Slight decline in hospital capacity sets back Long Island's climb toward reopening

Long Island's fight to reopen may have just gotten a little longer after Nassau fell behind in a key state metric.
While seven of the state's 10 regions have started slowly reopening, Long Island has come up short in meeting all necessary metrics needed to begin the process.
Once at five of seven metrics, Long Island is now down to four of seven. Nassau County Executive Laura Curran says the region has taken a step back when it comes to hospital bed availability.
"We are asked to have 30% of our regions hospital beds empty. We need that 30% capacity. So we got to 29 instead of 30 yesterday," says Curran.
Another metric both Suffolk and Nassau have failed to meet is a 14-day decline in hospital deaths or fewer than five deaths when looking at a three-day average. In Suffolk, the number has continued to rise, with its death toll crossing 1,800 Thursday.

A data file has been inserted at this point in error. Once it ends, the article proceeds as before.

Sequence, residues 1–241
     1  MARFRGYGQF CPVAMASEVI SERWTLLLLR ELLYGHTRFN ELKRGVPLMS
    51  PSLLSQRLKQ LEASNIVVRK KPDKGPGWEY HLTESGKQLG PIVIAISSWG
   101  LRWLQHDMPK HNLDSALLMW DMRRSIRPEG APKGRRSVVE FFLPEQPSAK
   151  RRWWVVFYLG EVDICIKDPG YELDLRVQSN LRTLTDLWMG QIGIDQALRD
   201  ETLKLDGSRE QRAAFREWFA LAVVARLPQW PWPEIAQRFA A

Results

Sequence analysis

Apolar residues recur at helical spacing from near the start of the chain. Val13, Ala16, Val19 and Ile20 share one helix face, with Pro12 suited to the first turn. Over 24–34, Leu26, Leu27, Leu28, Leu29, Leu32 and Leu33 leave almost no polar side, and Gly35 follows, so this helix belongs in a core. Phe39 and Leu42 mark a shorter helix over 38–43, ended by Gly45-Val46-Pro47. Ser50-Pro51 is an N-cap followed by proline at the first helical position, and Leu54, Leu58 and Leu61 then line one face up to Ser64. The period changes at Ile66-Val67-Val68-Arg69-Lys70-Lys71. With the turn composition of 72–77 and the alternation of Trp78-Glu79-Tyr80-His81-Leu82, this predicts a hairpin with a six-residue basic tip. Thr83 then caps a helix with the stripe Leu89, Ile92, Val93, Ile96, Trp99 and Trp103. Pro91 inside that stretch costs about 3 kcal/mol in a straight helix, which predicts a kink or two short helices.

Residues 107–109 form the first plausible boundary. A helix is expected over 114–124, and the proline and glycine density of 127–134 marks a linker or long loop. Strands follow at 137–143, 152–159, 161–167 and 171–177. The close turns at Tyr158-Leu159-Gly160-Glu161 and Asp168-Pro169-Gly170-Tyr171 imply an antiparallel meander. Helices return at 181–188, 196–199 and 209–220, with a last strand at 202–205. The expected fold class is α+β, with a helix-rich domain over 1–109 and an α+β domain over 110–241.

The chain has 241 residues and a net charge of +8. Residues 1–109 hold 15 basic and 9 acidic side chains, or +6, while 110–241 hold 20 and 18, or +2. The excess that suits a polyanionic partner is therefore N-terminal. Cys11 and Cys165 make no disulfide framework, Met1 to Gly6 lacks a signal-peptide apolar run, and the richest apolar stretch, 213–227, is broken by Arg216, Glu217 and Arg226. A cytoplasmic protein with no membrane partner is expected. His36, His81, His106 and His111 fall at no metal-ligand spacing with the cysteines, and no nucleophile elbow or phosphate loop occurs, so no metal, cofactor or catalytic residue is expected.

Curran says the reason the county fell back in the hospital capacity metric is because as more people are becoming more comfortable about going to hospitals for care, that people who possibly put off making visits earlier in the pandemic are now coming in.
Curran says Nassau is working with hospital executives to look for ways to meet the metric.
"Our health care system, our hospitals, have really proved that they can surge up, they can add capacity very quickly," says Curran. "So I'm looking forward to brainstorming some more and coming up with a metric system that makes more sense for our health care system here in Nassau and on Long Island."
Long Island is also currently missing the mark on the metric for contact tracers. Curran says Nassau has an aggressive strategy in recruiting an army of them and are on their way to meeting the needed number.